I don’t want to leave. Does anyone? How do you even prepare?
Really, I always knew it would come to this. I remember lying in my bed sometime in January, amazed that so much time had already passed. In some sense I suppose I could say with a wistful sigh or panicked shout, “It went by so fast!” But that’s not right. It went by exactly as fast as it seemed to go, unforgiving, merciless and straight on towards its inevitable conclusion: May 27th, 2014.

There’s no denying that while I am sad to go, I am ready. We, the Duluth students, have spent nine months preparing for this. At first, we consoled each other and bonded over things that we missed, celebrated the discovery of some favorite American product in a local shop. We pleaded our Stateside counterparts to send us culinary contraband, and in return we sent missives of postcards and English chocolate. We stayed up with each other for hours, talking about the lives we had and planning our first steps off the plane and back into what we left behind.

Missing things is really a way of life. After a while, my Missings became more like an itchy scar than an open wound. Before I had a chance to realize it, I was sinking deeper and deeper into a new pool of Missings. Just as I began to enjoy my new cell, I have to leave it. And so, the cycle begins anew.

My last week has been spent doing “lasts” and saying goodbye. Last time going to Asda. Last time buying good chocolate. Last burger, last pizza, last pub, last full English breakfast. Goodbye, goodbye, goodbye. How do you say goodbye to so many people and things with such finality? I’ve determined that there is no good way. Goodbye is really only as final as I make it, though, because in some sense nothing will ever leave me.

Fortunately for me, fate is a terrible weaver. In the great tapestry of life, my thread has been crossed many times with many others, and they have all left their mark somewhere – from the trinkets in my bags to the memories in my head. It’s weird how even the most insignificant actions can have the most profound effects on others. In this sense, we can make our actions a message to the future.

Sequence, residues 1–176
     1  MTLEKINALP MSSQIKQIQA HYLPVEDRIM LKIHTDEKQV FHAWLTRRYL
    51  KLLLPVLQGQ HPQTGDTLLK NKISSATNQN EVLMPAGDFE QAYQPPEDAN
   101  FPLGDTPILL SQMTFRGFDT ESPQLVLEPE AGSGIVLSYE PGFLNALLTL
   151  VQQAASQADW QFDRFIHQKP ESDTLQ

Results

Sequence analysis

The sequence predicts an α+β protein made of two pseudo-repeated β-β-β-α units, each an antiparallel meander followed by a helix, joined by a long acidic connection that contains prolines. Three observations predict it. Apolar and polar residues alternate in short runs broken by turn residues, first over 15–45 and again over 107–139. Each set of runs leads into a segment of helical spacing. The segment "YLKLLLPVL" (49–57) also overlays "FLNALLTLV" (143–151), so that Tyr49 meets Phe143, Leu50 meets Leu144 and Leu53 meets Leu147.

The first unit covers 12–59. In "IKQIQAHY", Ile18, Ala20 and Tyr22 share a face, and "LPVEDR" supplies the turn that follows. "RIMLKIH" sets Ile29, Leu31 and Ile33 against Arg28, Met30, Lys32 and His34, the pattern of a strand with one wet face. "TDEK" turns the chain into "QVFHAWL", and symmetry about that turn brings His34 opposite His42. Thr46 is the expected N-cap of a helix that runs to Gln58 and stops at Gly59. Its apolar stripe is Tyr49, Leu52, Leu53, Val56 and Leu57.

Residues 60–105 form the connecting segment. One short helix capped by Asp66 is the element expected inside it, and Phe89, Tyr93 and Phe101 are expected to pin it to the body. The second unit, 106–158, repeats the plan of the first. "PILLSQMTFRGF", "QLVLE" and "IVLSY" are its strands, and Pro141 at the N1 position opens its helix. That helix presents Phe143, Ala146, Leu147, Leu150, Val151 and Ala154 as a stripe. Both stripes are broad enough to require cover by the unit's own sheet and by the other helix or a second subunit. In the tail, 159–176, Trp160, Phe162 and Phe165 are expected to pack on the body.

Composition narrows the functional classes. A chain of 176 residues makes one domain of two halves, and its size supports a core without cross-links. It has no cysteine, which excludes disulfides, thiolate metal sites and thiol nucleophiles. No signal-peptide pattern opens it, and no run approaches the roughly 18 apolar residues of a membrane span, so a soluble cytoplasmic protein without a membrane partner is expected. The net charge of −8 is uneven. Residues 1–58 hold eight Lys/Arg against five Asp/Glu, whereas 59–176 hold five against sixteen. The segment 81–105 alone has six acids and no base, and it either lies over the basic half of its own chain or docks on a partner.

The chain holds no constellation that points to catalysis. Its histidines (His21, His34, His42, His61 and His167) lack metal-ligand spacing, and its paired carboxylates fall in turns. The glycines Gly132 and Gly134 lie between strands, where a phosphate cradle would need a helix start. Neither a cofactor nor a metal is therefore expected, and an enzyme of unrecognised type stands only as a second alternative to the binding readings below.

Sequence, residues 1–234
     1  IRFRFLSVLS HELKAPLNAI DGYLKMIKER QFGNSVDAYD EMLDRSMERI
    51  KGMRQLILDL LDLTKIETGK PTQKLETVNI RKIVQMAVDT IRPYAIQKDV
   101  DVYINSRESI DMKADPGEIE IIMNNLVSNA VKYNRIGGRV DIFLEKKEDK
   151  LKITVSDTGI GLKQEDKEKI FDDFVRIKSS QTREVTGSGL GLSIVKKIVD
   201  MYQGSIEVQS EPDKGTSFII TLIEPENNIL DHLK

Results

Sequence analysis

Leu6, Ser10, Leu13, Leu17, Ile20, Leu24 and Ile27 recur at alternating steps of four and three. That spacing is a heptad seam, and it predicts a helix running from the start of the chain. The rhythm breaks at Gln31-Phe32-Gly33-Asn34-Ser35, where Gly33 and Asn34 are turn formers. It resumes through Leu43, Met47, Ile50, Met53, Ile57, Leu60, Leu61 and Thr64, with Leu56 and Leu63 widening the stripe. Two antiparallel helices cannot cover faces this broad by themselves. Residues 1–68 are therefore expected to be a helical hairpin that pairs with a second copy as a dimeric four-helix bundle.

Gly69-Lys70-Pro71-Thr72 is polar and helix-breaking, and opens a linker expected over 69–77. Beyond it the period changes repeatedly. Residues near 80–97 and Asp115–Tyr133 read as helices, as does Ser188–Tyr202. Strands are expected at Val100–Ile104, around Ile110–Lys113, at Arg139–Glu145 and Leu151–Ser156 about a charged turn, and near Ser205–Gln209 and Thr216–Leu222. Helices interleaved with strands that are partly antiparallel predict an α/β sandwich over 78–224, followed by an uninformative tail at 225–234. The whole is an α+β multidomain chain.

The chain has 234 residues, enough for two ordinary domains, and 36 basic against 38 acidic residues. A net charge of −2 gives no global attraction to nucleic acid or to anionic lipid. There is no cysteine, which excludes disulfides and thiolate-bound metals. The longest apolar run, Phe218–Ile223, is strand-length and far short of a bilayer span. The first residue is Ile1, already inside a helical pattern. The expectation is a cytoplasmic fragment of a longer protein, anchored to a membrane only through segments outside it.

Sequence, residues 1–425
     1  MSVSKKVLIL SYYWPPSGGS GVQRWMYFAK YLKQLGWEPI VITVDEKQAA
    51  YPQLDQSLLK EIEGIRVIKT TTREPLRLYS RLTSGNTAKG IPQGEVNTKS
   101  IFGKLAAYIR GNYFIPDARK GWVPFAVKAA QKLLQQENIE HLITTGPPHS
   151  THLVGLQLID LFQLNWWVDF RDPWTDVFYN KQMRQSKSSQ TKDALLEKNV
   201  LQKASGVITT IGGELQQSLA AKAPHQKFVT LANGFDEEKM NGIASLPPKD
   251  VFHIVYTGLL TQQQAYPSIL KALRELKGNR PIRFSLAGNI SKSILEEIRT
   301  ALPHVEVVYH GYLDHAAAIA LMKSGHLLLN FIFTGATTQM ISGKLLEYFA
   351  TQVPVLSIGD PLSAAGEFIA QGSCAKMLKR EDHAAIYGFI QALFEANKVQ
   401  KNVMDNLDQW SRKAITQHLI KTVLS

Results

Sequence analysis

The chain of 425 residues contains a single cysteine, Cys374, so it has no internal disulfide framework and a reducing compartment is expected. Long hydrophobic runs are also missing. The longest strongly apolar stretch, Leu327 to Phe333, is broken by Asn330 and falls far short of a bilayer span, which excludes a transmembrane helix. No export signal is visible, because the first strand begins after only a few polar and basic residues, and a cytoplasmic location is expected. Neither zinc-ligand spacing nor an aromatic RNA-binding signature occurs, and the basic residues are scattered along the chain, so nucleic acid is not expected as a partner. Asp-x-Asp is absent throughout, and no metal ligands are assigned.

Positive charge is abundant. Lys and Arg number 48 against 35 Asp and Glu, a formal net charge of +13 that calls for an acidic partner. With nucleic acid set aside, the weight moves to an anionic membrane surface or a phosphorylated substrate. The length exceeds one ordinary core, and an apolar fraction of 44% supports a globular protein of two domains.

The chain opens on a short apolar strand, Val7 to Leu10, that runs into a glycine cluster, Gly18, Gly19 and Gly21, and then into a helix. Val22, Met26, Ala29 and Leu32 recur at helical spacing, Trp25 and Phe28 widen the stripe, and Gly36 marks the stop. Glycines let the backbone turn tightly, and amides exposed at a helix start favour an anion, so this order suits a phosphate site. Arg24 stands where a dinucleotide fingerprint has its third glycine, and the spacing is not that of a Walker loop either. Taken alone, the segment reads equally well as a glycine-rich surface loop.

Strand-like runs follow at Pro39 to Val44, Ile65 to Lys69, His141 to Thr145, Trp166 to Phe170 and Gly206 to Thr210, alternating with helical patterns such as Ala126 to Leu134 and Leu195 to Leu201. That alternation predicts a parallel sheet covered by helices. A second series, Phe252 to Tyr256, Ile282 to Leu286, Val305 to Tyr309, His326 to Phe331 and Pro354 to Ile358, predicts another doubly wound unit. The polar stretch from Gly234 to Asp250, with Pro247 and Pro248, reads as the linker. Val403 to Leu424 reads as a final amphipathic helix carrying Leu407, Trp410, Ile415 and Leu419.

For this reason, in true V for Vendetta style (and because I’m a sentimental moron) I hid a note in my room for the next occupant to find.

Dear occupant,
My name is Mitchell, and for the 2013-2014 year I was an American exchange student here. I had some of the best times of my life this year, and this room saw my life change. I hope whoever you are wherever you’re from, you take opportunities where you can and take the time care about the people in your life.

I’ve got nothing on my mind,
Nothing to remember,
Nothing to forget.
And I’ve got nothing to regret.
But I’m all tied up on the inside,
No one knows quite what I’ve got,
And I know that on the outside
What I used to be
I’m not

Crossroads, Don McLean

Just Passing Through

Of all the books I read in elementary school, there are two that I distinctly remember reading: Stargirl by Jerry Spinelli and There’s a Boy in the Girls’ Bathroom by Louis Sachar. I cried for hours after finishing them – I sat up after my bedtime with my poor mom, who listened to me blubber about imaginary characters, and she told me that I had a big heart. I couldn’t understand how someone could irreversibly change someone’s life and just leave – the injustice of it all shattered my fragile psyche. And yet some part of me almost wanted to have my heart broken, instead of reading about imaginary characters to feel it in my stead.

Fast-forward to 2005. My family hosted the young girl who would later become my little sister in a program called Journey of Hope, which connected young eastern European orphans to midwestern families for a summer. The first time I can remember being in an airport was picking her up at Minneapolis-St. Paul International, and the second time was when we had to drop her back off. We led her through the throng of people towards security, and watched her trying to stay in the back of the line so she could say goodbye one last time. It was the saddest I could ever remember being, and we remained silent as we made the long drive home. In just five weeks, we had both welcomed a young spirit into our house and watched it leave us, irreversibly changed. The next year was filled with translators and meetings and long-distance phone calls, but eventually we achieved our happy ending and my sister came home.